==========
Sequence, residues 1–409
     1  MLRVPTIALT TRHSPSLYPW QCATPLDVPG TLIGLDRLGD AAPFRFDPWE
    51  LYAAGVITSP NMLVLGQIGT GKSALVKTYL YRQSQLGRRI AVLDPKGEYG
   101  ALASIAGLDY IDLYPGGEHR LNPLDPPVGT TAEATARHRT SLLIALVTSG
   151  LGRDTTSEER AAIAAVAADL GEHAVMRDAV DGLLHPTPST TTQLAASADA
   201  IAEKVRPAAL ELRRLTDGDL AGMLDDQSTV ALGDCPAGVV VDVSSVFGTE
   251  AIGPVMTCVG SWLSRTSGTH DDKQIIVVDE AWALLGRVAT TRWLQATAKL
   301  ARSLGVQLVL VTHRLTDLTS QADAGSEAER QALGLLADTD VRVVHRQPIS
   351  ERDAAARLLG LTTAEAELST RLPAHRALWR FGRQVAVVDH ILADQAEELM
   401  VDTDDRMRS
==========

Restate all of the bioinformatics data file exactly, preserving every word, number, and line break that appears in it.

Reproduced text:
Sequence, residues 1–409
     1  MLRVPTIALT TRHSPSLYPW QCATPLDVPG TLIGLDRLGD AAPFRFDPWE
    51  LYAAGVITSP NMLVLGQIGT GKSALVKTYL YRQSQLGRRI AVLDPKGEYG
   101  ALASIAGLDY IDLYPGGEHR LNPLDPPVGT TAEATARHRT SLLIALVTSG
   151  LGRDTTSEER AAIAAVAADL GEHAVMRDAV DGLLHPTPST TTQLAASADA
   201  IAEKVRPAAL ELRRLTDGDL AGMLDDQSTV ALGDCPAGVV VDVSSVFGTE
   251  AIGPVMTCVG SWLSRTSGTH DDKQIIVVDE AWALLGRVAT TRWLQATAKL
   301  ARSLGVQLVL VTHRLTDLTS QADAGSEAER QALGLLADTD VRVVHRQPIS
   351  ERDAAARLLG LTTAEAELST RLPAHRALWR FGRQVAVVDH ILADQAEELM
   401  VDTDDRMRS